Sentence Examples with the word po

Magnesium ammonium phosphate, MgNH 4 PO 4.6H 2 O, is found as the mineral struvite and in some guanos; it occurs also in urinary calculi and is formed in the putrefaction of urine.

Probably a mere variety of the black poplar, its native land appears to have been Persia or some neighbouring country; it was unknown in Italy in the days of Pliny, while from remote times it has been an inhabitant of Kashmir, the Punjab, and Persia, where it is often planted along roadsides for the purpose of shade; it was probably brought from these countries to southern Europe, and derives its popular name from its abundance along the banks of the Po and other rivers of Lombardy, where it is said now to spring up naturally from seed, like the indigenous black poplar.

The osmotic pressure Po is the difference of the hydrostatic pressures P' and P of the solution and the solvent when their vapour pressures are equal.

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Annually, the Po delle Tolle 262 ft., the Po della Gnocca I I 11 ft., and the Po di Coro 259 ft.

Commerce is chiefly agricultural and is stimulated by a good position in the railway system, and by a canal which opens a water-way by the Panaro and the Po to the Adriatic. Modena is the point at which the railway to Mantua and Verona diverges from that between Milan and Bologna, and has several steam tramways to neighbouring places.

Friendly relations are maintained with Spain, as the Spanish plantations in Fernando Po are to a great extent worked by Liberian labour.

The relief of debtors, and the steps which he took to restore Italian agriculture, were of the nature of palliatives) those which have a permanent significance as indicating his grasp of imperial problems. The Social War had brought to the inhabitants of Italy as far as the Po the privileges of Roman citizenship; it remained to extend this gift to the Transpadane Italians, to establish a uniform system of local administration and to devise representative institutions by which at least some voice in the government of Rome might be permitted to her new citizens.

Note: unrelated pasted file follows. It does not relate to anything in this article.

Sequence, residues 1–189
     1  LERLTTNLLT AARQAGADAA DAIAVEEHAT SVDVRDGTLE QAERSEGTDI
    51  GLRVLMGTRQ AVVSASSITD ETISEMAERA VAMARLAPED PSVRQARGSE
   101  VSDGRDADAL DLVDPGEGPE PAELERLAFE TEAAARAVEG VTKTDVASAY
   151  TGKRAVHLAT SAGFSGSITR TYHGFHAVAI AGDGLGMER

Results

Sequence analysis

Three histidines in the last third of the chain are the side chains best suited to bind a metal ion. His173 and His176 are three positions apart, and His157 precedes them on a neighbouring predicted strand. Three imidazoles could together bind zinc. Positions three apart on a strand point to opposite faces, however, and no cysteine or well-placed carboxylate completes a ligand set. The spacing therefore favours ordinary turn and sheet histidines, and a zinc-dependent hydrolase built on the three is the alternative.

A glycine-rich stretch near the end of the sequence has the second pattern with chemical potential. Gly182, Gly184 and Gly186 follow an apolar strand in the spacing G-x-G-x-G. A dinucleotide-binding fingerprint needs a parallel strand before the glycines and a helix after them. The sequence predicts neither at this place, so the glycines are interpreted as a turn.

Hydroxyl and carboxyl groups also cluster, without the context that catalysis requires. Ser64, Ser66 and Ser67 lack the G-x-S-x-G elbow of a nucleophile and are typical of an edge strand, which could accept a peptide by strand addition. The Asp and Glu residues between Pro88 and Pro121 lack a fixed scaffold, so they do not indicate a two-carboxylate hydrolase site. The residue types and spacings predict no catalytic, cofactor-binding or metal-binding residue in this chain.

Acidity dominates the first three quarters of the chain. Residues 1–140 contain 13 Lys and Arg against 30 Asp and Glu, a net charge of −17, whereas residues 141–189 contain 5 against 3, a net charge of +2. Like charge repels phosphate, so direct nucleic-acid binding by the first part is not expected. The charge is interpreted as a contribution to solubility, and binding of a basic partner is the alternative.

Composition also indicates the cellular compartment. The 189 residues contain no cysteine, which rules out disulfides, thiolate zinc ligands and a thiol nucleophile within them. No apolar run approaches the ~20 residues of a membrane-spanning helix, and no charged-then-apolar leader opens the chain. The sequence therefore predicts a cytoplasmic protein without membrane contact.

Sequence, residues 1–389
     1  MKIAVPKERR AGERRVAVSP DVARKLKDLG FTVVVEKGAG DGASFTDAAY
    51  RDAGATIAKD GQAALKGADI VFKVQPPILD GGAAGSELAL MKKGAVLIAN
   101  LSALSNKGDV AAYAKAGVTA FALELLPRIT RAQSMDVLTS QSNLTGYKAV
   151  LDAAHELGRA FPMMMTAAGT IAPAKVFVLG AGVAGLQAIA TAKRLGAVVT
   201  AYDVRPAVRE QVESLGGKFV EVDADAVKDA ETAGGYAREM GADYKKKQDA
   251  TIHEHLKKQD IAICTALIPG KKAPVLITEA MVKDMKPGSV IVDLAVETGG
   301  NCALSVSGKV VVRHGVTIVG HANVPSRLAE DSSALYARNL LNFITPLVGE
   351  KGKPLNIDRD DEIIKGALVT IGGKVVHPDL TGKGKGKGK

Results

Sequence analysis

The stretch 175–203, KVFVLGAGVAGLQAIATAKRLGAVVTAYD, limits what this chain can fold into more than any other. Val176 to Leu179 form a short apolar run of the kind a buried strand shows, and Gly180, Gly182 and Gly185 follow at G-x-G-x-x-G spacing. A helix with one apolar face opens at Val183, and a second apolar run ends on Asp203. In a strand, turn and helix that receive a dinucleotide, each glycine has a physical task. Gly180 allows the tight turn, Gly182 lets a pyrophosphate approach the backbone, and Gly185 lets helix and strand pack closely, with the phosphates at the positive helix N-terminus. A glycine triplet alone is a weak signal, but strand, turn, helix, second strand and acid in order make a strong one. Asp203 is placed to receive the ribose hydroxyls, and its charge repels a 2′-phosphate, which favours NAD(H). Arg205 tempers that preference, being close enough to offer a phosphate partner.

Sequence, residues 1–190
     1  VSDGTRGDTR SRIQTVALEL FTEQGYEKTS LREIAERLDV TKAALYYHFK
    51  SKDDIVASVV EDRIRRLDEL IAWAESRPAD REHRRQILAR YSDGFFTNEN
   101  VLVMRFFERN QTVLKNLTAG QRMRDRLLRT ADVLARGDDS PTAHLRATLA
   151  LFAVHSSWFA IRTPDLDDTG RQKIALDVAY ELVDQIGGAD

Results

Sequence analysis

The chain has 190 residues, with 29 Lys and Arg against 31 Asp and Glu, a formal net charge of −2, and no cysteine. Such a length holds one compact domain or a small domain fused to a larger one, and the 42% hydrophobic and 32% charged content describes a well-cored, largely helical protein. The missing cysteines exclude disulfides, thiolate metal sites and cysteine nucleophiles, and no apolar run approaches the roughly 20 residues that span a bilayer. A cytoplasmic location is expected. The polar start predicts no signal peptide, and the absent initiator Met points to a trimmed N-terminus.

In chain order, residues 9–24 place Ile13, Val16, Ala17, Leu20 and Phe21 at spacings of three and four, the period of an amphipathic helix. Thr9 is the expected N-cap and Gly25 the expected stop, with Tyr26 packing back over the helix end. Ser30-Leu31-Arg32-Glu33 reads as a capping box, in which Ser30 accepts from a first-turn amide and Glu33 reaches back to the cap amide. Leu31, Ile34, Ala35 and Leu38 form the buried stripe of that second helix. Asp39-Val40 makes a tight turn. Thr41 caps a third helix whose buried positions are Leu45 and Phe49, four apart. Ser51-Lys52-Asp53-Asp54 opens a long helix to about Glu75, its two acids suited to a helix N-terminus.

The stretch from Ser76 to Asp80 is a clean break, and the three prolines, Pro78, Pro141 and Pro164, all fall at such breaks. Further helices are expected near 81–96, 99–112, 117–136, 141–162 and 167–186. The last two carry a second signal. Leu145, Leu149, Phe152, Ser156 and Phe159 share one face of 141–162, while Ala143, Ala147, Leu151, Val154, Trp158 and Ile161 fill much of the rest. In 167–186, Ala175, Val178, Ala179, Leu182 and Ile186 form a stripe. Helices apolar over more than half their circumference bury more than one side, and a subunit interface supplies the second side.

This, with the exception of a brief tenure of Cremona (1499-1512), formed her permanent territory down to the fall of the republic. Her frontiers now ran from the seacoast near Monfalcone, following the line of the Carnic and Julian and Raetian Alps to the Adda, down the course of that river till it joins the Po, and thence along the line of the Po back to the sea.

Post-positions, pa or be and ma, are required by the noun (substantive or adjective) that is to be singled out; po or bo (masc.) and mo (fern.) are used for distinction of gender or for emphasis.

In 387 Magnus Maximus, who had commanded a Roman army in Britain, and had in 383 (the year of Gratian's death) made himself master of the northern provinces, crossed the Alps into the valley of the Po and threatened Milan.